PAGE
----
In a move likely to send shock waves through New York's Senate race, a local chapter of the American Muslim Alliance is expected to endorse Hillary Clinton on Friday, according to a source close to the group. The alliance has already endorsed Republican presidential candidate George W. Bush.
"This is the first that we're hearing of this and we would not accept such an endorsement if it were offered," said Clinton spokesman Howard Wolfson. "This is an organization that has made statements counter to the things that Hillary believes in. If you look at the AMA's Web site, there is a statement on there indicating the belief that armed violence is an acceptable political tool."
Last week, Clinton returned a $50,000 donation from the group, in addition to a $1,000 donation from Abdurahaman Alamoudi, former executive director of the American Muslim Council. Alamoudi has made recent statements voicing support of the Arab terrorist groups Hamas and Hezbollah. But the AMA is considered a more mainstream political group. That hasn't stopped her opponent Rick Lazio from calling the alliance's contribution "blood money."
Contributing to the appearance of hypocrisy on this issue is a letter discovered online by Salon, sent by Clinton to open the American Muslim Alliance's 1998 convention.
"As I have traveled throughout this country and around the world, I have learned that in too many places individuals are blocked from participating fully in the political lives of their countries," Clinton wrote in the letter. "We choose not to hear the voices of many; and in too many places, there are those who never learn to project their voices. I commend you for your efforts to encourage others to work to make their voices heard in the present and for the future. Please accept my best wishes for a wonderful convention."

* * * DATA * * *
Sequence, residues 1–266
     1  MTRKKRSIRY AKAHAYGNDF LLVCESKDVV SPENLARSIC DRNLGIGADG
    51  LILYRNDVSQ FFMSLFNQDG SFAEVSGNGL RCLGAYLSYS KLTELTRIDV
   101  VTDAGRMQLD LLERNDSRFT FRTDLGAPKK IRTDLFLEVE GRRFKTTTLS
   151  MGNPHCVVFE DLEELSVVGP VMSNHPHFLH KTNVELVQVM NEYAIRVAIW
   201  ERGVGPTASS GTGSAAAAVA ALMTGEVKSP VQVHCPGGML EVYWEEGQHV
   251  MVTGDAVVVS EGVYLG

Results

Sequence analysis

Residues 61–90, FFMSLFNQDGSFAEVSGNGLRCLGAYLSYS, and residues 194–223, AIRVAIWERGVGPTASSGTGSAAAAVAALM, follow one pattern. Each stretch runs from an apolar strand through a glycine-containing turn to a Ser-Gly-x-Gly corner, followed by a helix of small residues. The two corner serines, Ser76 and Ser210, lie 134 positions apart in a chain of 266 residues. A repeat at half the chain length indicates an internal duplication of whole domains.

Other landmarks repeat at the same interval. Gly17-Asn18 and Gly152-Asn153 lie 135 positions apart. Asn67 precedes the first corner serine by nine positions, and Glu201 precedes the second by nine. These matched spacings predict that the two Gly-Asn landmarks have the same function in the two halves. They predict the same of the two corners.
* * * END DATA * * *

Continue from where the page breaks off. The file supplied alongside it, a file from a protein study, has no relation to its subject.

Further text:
But this year, rather than criticizing Lazio for baiting and stereotyping Arab-Americans, candidate Clinton has been complicit in the complete isolation of Arab voters in New York.
"Since the 1950s in Alabama, we haven't seen a situation where an entire group of voters become disenfranchised during a campaign," said Jim Zogby, director of the Arab-American Institute in Washington. "In an election as close as this, where everyone else is being courted, [Arab voters] are being told, 'We don't care how close it is, we don't need or want your support.'"
Zogby saved some of his harshest criticism for the New York Republican Party for making 500,000 phone calls last weekend linking Arab and Muslim political groups to the terrorist attack on the USS Cole. He also lambasted Lazio for refusing to criticize the phone calls. "They've done this phone calling stuff which is really dangerous, because it amounts to the act of incitement," Zogby said.